ONE WAY AND THE OTHER.
The following sketches, from an American paper, are equally
applicable to certain families on this side the Atlantic: -
“Father,” said a woman to her husband one morning,
“the boys want some new shoes.”
“Want, want – always wanting!” said the man, in a cross
tone. “I’ve got no shoes; if you want them, get them.”
“I don’t know who should, if you can’t, ”answered
the wife, catching the spirit of her husband; and the spirit once caught,
she carried it down stairs into the kitchen, where she quickly saw that
breakfast was in a backward state.
“Sally,” she cried, “why in the world is not breakfast
ready?” The mornings are long enough.”
“This awful green wood!” cried Sally, who until now had been
doing her best; but catching her mistress’s tone, she quite lost
her temper. “The wonder is breakfast’s go at all,” she
muttered; while her mistress went out, and little Joe came in from the
“Tie me shoe, Sally,” said he; “the string has tripped
me up awfully.”
“Go away,” cried Sally, “and not pester me at breakfast
“Cross creature!” cried little Joe, pouting and pulling off
his shoe, which for mischief, or not knowing what else to do, he swung
at the cat lapping her milk. The shoe sent the cat one way and the saucer
another, and the milk in a puddle.
“You mischievous puppy!” cried Sally, giving little Joe a
shake, and sending him off to the sitting-room.
Joe, in a terrible pet, fell upon his little sister, who was playing with
a woolly dog, a little toy her auntie had given her, making it bark in
a wheezy tone no real dog was ever guilty of.
“Give it to me!” cried Joe, snatching it from her hand; where
upon Susy burst into an angry cry. Joe’s mother struck him for it,
and he set up a howl equal to any young cub in a bear’s den; so
that by the time breakfast was ready, the family sky was dark and squally
as it could well be; for crossness is catching, and “the beginning
of strife is as when one letteth out water.”
THE OTHER WAY.
“Father,” said a woman to her husband one
morning, “the boys want some new shoes.”
Yes, I suppose it is most time,” answers the husband; “but
I can’t so well spare the money just now. I wonder if I could not
black them nicely up, to make them answer a little longer. Let’s
“Do not trouble yourself with them, husband,” said the wife.
“Let me try and see what a gloss I can put on them; maybe they’ll
look as good as new,” and away she tripped down stairs into the
kitchen. “Sally,” she said, “you are a little behind
in breakfast, but I’ll help you. No wonder; the green wood troubles
you, I’m afraid.”
“Oh, no,” answers Sally, “I’ll have breakfast
on the table in a minute;” and Sally stirs about with cheerful briskness,
while little Joe comes in and asks to have his shoe tied.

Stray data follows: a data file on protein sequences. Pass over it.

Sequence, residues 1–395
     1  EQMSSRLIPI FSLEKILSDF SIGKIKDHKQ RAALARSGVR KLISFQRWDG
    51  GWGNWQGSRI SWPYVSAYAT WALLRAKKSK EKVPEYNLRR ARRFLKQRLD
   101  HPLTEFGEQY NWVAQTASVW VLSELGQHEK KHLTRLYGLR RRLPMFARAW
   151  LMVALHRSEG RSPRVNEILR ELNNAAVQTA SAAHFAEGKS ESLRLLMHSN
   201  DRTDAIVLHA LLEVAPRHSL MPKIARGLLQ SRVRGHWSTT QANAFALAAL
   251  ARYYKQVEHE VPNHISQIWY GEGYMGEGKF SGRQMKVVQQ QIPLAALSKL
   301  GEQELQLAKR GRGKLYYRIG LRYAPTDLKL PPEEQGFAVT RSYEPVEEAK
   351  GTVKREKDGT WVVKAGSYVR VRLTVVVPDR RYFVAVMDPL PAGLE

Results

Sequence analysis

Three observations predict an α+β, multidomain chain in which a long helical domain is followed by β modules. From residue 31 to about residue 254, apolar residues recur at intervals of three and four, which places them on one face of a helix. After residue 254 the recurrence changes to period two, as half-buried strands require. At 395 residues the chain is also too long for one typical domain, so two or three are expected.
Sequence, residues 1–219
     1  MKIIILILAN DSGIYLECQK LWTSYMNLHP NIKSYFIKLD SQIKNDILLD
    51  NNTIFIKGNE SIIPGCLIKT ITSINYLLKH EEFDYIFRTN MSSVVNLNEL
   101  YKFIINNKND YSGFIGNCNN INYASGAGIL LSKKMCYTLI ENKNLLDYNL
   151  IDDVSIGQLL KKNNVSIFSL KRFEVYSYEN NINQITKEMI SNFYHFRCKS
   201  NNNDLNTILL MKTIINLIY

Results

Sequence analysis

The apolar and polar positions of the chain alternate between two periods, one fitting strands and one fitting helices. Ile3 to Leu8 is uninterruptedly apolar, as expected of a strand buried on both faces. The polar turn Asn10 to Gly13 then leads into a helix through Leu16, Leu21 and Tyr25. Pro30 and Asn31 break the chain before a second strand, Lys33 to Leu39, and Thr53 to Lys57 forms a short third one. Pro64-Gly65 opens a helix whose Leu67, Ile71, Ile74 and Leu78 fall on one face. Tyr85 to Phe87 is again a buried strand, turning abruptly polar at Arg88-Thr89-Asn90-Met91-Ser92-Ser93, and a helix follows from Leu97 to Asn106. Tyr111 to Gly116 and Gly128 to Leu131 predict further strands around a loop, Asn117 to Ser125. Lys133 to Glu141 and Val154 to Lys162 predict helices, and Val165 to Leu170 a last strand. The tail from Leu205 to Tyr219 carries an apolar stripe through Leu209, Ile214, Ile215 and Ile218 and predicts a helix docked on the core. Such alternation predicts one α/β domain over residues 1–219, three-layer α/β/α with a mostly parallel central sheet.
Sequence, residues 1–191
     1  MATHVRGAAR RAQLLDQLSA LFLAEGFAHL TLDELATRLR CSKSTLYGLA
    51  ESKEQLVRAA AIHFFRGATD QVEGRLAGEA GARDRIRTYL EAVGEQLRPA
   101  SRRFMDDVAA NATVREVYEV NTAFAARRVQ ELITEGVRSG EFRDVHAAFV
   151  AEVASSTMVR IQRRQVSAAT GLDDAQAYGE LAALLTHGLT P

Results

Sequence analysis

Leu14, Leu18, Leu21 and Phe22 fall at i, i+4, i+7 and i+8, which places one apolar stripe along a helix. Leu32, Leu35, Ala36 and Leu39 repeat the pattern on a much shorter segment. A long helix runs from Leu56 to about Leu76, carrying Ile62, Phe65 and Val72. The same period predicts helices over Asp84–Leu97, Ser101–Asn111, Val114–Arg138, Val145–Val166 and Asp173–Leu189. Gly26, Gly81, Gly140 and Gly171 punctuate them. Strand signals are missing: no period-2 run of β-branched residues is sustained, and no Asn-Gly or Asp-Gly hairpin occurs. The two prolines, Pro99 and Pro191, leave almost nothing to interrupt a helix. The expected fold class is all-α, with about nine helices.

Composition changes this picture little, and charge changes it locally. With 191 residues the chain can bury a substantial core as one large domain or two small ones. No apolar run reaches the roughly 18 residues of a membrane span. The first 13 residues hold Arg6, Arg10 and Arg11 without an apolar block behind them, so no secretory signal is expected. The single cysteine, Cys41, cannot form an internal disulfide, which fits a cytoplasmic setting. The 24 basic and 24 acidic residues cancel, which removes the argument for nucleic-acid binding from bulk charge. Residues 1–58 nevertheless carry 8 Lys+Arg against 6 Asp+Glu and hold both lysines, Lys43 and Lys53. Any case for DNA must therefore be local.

“In a moment, deary,” answers Sally; “wait while I run
down and get some wood – your ma wants breakfast.”
“Let me go,” says little Joe, “I’ll bring you
some wood,” and away scampers the little boy, who soon comes back
with an armful. “There, Sally,” he says, “won’t
that help you?”
“Yes, deary,” cries Sally; “Now let me tie your shoe,”
and while she does it, Joe is looking at pussy’s lapping milk.
“Pussy’s had her breakfast,” said Joe, “and I’ll
take up her saucer, lest somebody should step on it and break it. Come,
pussy, go with me,” and he carries her into the sitting-room. “Pussy
has had her breakfast,” he said to his sister; “now, will
she think your woolly dog a real dog? Let’s show it to her.”
Susy puts down her plaything, a little woolly dog, and sure enough puss,
as soon as she saw it, bushed her tail and backed up her back, just ready
for a fight; but pretty soon she saw her mistake, and ran under the table,
as it afraid to be laughed at. How the children did laugh! “for
pleasant words are as honeycomb, sweet to the soul, and health to the
He who never gives advice and he who never takes it are
alike unworthy of friendship.
THE GREATEST SEMINARY. – The fireside is a seminary
of infinite importance. It is important because it is universal, and because
the education it bestows being woven in with the woof of childhood, gives
form and colour to the whole texture of life. There are only a few who
can receive the honours of a college, but all are graduates of the hearth.
The learning of the university may fade from recollection; its classic
lore may moulder in the halls on memory; but the simple lessons of home,
enamelled upon the heart of childhood, defy the rust of years, and outlive
the more mature but less vivid pictures of after days. So deep, so lasting
indeed, are the impressions of early life, that you often see a man in
the imbecility of age holding fresh in his recollection the events of
childhood, while all the wide space between that and the present hour
is a blasted and forgotten waste. You have perchance seen an old and half-obliterated
portrait, and in the attempt to have it cleaned and restored, you may
have seen it fade away, while a brighter and more perfect picture, painted
beneath, is revealed to view. This portrait, first drawn upon the canvas,
is no inapt illustration of youth; and though it may be concealed by some
after design, still the original traits will shine through the outward
picture, giving it tone while fresh, and surviving it in decay. Such is
the fireside – the great institution furnished by Providence for
the education of man.